During the 2012 elections the issue of marijuana legalization is not an issue that you hear many of the presidential candidates make an official statement on, yet their stance is implied by their party's platform (or, so they think). Across the board views on this controversial issue vary by candidate, but below is a general synopsis of where each candidate stands on the issue:
While Obama may be swayed on decriminalizing marijuana and allowing medical marijuana, albeit not always openly, there have been no talks or hints from Obama directly about legalizing marijuana outright. Some critics think that Obama will pull some kind of political maneuver to make marijuana more accessible prior to the 2012 elections, but at this point, that appears to be doubtful. When it comes down to a general election, supporting an issue like marijuana would lose more independent voters than it would gain for the president.
Mitt Romney is and always has been against legalizing marijuana in any shape or form. Republicans in general have not had any mainstream political figure come out in support of legalizing marijuana aside from former New Mexico Gov. Gary Johnson, but he is no longer with the party since his views were not widely accepted. If it came down to Romney's signature on a marijuana legalization bill in Congress, I would be shocked if Romney did not vote against it.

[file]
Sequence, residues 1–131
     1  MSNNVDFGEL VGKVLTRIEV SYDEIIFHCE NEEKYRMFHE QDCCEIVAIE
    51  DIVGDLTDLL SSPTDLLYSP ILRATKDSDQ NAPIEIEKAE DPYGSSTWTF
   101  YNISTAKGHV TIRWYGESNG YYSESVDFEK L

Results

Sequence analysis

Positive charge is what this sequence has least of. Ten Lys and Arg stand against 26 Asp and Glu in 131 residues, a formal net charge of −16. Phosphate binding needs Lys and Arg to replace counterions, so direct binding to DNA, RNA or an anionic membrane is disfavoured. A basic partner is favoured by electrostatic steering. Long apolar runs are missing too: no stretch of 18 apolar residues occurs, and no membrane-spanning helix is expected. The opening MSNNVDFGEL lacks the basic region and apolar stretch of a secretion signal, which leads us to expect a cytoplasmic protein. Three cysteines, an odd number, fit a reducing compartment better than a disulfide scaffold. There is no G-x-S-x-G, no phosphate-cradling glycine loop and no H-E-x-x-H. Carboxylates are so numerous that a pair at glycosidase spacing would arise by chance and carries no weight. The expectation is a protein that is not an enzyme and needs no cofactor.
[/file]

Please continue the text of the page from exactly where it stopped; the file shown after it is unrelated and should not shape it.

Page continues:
Gary Johnson (L-NM)
Former Gov. Johnson is probably the most outspoken public official supporter of marijuana legalization. He used marijuana legalization as one of his campaign issues when he was running as a Republican in both New Mexico and for president, and he is still running with that idea now as the Libertarian Party's nominee. He states the facts in support of legalization clearer than any other candidate, and it's tough to deny his argument when he gets the chance to present it.
Jill Stein (G-MA)
Jill Stein is right up there with former Gov. Johnson in terms of being one of the most open and vocal advocates of legalizing marijuana. She speaks at rallies around the country on a regular basis, is not afraid to talk about the issues related to marijuana. If she were elected president, she would be a great advocate for marijuana legalization.
Rocky Anderson (J-UT)
Just like his fellow candidates who are more progressive in nature (ex. Jill Stein), Rocky Anderson is all for legalizing medicinal marijuana and even marijuana in general. While he may not have even a faint chance of winning election, he is definitely on the right side of the battle for legalization in the eyes of supporters.
There you have a brief look at the stances of the top five most prominent candidates for president on marijuana legalization. Whether you are a Democrat, Republican, Independent, or whatever other political affiliation marijuana legalization is an issue that cannot be ignored forever. I know my stance on marijuana, but what's yours?